Families FIGHTING to save others
These families have dedicated themselves and their lives
to their remarkable children.
With their dedication, research & passion to help others, lives will be saved.
Madison Holleran was a 2013 HS graduate of Northern Highlands, where she excelled in academics as well as being arguably north Jersey’s top female athlete… She was incredibly popular, her classmates say, mainly because she was always quick with a smile and was genuinely personable… One of Madison’s classmates told a story where he was held back in the 1st grade, then had to deal with kids making fun of him. He had new 1st grade classmates, and every day he said he had to pass this bunch of girls in the morning and he said they would always laugh at him… He said one day Madison came up and told the girls to stop. And he said these girls never made fun of him again. He said he was surprised to see Madison do that. They remained best friends throughout school… “This is all you need to know about Madison Holleran.”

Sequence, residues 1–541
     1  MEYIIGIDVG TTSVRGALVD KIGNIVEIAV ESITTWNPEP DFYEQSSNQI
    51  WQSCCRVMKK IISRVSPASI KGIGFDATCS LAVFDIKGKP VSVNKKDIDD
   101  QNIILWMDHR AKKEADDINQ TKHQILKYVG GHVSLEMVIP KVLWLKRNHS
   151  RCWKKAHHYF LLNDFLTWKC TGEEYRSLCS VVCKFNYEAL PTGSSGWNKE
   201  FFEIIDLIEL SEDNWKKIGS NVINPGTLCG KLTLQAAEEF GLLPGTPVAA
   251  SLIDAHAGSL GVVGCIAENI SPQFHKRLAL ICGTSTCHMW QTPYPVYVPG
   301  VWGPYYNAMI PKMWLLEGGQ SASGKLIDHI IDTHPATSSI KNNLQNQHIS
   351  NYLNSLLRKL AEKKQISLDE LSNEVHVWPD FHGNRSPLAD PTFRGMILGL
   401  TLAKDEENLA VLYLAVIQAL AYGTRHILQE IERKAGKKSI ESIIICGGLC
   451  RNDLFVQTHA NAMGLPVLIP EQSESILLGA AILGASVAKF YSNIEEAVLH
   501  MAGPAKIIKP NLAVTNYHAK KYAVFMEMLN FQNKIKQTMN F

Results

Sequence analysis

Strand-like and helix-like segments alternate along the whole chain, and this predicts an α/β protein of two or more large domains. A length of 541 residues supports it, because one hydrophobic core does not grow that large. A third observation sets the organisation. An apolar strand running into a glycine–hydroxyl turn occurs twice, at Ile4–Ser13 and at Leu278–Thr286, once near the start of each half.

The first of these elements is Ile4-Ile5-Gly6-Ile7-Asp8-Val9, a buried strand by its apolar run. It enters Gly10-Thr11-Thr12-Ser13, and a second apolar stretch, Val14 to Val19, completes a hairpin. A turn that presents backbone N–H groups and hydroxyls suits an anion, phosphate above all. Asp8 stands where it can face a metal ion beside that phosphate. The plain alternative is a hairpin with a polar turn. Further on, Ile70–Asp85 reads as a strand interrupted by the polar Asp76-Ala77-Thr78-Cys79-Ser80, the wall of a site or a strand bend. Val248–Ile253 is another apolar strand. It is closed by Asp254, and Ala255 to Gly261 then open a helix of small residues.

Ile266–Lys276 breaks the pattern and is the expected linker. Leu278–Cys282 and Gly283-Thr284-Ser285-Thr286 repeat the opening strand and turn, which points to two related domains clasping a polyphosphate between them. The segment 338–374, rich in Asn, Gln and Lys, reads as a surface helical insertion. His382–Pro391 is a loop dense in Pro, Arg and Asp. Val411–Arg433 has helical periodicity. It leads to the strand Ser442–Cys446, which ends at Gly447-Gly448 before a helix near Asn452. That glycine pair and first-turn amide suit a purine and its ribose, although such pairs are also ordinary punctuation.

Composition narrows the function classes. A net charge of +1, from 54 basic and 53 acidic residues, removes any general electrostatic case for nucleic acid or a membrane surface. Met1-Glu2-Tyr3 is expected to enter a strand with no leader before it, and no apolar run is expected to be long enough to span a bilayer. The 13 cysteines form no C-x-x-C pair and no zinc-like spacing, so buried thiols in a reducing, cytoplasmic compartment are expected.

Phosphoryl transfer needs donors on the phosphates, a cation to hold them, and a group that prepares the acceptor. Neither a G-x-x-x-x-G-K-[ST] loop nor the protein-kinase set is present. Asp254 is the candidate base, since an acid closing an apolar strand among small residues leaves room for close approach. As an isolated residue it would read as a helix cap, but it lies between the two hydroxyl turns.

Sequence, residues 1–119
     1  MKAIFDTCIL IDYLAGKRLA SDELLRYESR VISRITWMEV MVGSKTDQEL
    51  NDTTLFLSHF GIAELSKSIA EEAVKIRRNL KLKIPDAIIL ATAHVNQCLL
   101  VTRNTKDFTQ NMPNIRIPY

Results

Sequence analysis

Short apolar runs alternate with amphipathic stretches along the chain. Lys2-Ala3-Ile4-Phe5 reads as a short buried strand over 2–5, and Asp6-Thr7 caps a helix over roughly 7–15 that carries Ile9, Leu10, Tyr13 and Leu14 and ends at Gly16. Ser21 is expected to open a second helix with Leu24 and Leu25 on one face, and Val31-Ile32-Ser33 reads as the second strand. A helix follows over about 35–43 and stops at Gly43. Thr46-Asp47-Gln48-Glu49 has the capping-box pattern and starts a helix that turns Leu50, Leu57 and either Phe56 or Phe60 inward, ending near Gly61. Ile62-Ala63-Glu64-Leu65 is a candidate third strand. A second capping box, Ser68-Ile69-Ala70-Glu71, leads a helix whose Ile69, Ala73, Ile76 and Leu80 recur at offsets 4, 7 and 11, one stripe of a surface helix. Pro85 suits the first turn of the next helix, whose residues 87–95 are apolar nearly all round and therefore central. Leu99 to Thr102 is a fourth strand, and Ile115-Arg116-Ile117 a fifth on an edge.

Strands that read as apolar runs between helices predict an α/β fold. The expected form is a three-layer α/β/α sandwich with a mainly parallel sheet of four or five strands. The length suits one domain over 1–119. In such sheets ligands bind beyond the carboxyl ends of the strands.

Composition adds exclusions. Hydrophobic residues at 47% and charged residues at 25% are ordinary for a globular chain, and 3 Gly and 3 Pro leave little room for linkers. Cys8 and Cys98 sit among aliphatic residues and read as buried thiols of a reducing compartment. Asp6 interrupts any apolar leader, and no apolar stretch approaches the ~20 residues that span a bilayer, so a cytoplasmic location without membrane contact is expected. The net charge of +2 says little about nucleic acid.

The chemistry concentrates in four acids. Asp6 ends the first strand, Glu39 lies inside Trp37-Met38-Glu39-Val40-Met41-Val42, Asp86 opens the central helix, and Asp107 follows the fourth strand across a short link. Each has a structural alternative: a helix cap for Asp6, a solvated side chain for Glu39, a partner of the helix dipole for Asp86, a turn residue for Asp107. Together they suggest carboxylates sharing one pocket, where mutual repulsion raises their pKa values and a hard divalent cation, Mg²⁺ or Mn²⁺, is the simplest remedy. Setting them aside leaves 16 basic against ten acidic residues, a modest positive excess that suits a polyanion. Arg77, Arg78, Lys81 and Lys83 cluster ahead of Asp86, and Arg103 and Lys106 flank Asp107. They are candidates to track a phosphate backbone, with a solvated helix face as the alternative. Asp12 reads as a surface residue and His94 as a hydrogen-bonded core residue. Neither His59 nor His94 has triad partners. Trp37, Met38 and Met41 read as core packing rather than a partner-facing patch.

On 1/17/14, Madison Holleran took her own life in Philadelphia. She was 19 years old.
Welcome to The Brian T. Dagle Memorial Foundation. We are sorry for your loss but so glad you have found us. Our foundation was created out of the love for our son Brian, a love that will never end.In the early weeks and months after Brian’s death, I was searching for a way to survive his devastating loss. I sought out others who knew my grief and sadly I discovered there were many who were also grieving the loss of a loved one or something important in their life. They shared their losses and listened to my loss. I was no longer alone in my grief. Sharing our stories together offered comfort and the healing slowly began.The mission of the Brian T. Dagle Memorial Foundation is to offer healing, hope and support to anyone who is suffering from a loss in life. Know you are not alone in your journey. We offer to walk with and support you on the path as you carry the boulder of grief and loss.Wishing you moments of peace-AnnPresident and Co-founder ofThe Brian T. Dagle Memorial Foundation